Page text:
It’s a long weekend here in the United States, meaning office workers, at least, get a three-day break from the dreaded meeting. We wanted to take this time to offer up an impassioned defense of … email.

Hear us out. It’s conventional wisdom that meetings are killers of productivity and morale and happy work environments. So why not write an email?

We know email has its drawbacks, too — it’s hard to manage and riddled with spam. But as work moves ever more online, it’s superior to meetings. Two inbox zeroers and one Chaos Muppet drowning in notifications — see if you can guess who’s who! — tell you why.

Ram Iyer: Do you love meetings, or do you just hate writing?

Back when I used to smoke, I also used to work at a publication that had frequent and immensely unproductive meetings. Most of our team of over 20 people would just sit by quietly for an hour while someone droned on about something.

If you’re counting the person-hours wasted, each of those meetings wasted an average of 20 hours that could have been spent doing actual work. They were unnecessarily stressful, too: I found myself desperately wanting to smoke after every single meeting, and I wasn’t alone.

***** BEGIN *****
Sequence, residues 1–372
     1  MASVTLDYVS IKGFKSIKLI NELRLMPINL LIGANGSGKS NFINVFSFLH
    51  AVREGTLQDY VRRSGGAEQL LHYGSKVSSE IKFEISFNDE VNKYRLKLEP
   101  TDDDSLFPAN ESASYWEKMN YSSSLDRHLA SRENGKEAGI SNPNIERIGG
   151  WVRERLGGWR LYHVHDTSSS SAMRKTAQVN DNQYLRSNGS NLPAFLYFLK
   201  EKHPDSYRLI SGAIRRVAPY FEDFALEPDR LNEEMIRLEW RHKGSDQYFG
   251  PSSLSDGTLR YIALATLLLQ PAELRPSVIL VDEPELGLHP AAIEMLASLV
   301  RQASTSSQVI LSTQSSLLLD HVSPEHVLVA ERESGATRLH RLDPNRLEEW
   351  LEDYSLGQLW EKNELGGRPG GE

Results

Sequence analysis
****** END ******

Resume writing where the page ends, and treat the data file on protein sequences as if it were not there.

Thankfully, that hasn’t always been the case. I’ve been fortunate to mostly have worked in companies that fostered a culture of just communicating via email or messaging. But in hearing my friends and ex-colleagues complain about work over the past couple of years, I noticed a trend: As the pandemic sent everyone home, meetings became ever more frequent to the point that people found them getting in the way of their work.

I’ve asked this question often over the past couple of years: If it can be an email, why isn’t it? Why are people so driven to speak when they could write an email and save everyone’s time?

I think I finally have a theory.

Originally published at

Small Business Minder
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